With conversations regularly revolving around the digital landscape, and brands seeing how they can take more ownership in different processes, it is not hard to imagine the C-Suite exploring machine alternatives to the marketing process. But being in an industry known as a "people industry," are professionals in advertising and marketing on the chopping block in order for robots and computers to take their stead?
Definitely an interesting thought.
We have seen some aspects of marketing and advertising go to the computer side. At one time, many people thought media buying would stay a people-to-people business. Relationships were made and maintained between media folks and advertising professionals. The media salesperson and the agency media director would have regular talks to see what space was needed for which client, and what kind of deals could be made.
Now, brands are experimenting and winning with real-time bidding (RTB) and programmatic advertising. Auctioning spots real-time provides great deals for brands and additional revenue to media platforms. Programmatic advertising can be very effective using predictive modeling, viewing statistics, and a sliding buying curve.
Can computers and robots take over other aspects of advertising? Like the creative process?
We're not too sure.
What is fascinating about advertising is that people need to understand people in order to succeed. It takes creativity and a certain feel for today's society to sound and be relevant. Can those "gut" sensations be turned into data and be spat out at a moment's notice? Can computers scan through zillions of photos to pick the right eyes, find the right smile, paint the right moment to get the consumer to connect to a piece of creative and try the brand?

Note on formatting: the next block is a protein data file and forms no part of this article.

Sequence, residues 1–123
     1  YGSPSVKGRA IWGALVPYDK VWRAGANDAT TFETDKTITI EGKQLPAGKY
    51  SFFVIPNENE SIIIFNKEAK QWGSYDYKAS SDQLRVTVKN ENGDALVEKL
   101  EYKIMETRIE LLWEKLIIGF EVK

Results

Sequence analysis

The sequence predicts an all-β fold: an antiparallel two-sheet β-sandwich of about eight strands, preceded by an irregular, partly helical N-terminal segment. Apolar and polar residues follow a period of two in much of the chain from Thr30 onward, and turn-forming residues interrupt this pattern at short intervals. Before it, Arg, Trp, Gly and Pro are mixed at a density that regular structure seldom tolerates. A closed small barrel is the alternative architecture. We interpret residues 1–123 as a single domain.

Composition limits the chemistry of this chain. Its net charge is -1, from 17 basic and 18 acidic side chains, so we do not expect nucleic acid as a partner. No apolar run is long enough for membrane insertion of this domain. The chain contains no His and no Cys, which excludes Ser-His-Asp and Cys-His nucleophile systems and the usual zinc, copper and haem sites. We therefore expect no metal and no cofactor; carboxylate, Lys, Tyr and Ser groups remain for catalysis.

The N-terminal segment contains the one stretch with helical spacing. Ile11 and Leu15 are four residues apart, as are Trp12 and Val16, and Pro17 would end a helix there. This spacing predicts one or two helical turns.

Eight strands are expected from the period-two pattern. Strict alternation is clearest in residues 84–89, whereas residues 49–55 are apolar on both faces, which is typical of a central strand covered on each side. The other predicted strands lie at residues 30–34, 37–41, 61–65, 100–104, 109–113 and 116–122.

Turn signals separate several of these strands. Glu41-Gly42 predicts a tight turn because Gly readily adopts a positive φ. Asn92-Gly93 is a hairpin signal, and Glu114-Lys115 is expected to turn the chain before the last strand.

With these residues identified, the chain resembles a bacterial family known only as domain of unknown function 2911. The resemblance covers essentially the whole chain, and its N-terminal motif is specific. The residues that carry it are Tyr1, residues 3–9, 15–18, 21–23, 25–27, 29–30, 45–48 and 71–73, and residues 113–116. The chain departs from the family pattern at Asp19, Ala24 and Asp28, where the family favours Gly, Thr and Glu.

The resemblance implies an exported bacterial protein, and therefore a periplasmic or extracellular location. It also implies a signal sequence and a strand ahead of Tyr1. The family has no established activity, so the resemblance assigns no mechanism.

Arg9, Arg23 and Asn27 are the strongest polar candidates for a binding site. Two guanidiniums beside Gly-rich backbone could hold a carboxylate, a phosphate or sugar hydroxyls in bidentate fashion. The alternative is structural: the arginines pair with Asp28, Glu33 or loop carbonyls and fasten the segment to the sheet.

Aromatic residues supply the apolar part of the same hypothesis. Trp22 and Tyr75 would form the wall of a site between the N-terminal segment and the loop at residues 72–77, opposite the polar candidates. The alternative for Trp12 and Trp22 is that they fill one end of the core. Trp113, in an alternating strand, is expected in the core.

The science of consumer behavior and behavioral economics has provided information that shows us how certain humans respond to certain things. Perhaps on the commodity level, where very little decision-making is needed, little creativity is needed as well. Computers and robots could actually save the brand and the agency a fair amount of money and time.
But for advertising for items that require heavy decision-making — high-end consumer items, commercial offerings, or niche materials — we can't believe that a person or group of people could be replaced. Perhaps we are simply unable to predict our own demise.
Until then, we'll believe that people need to understand people in order to succeed in advertising. A robot or computer can think, but it can't feel. A machine can process, but it can't internalize. Maybe that will keep our industry a people industry. At least for now.
Dwayne W. Waite Jr. is partner and principal at JDW: The Charlotte Agency, a marketing and advertising shop in Charlotte, NC. He enjoys consumer behavior, economics, and football.
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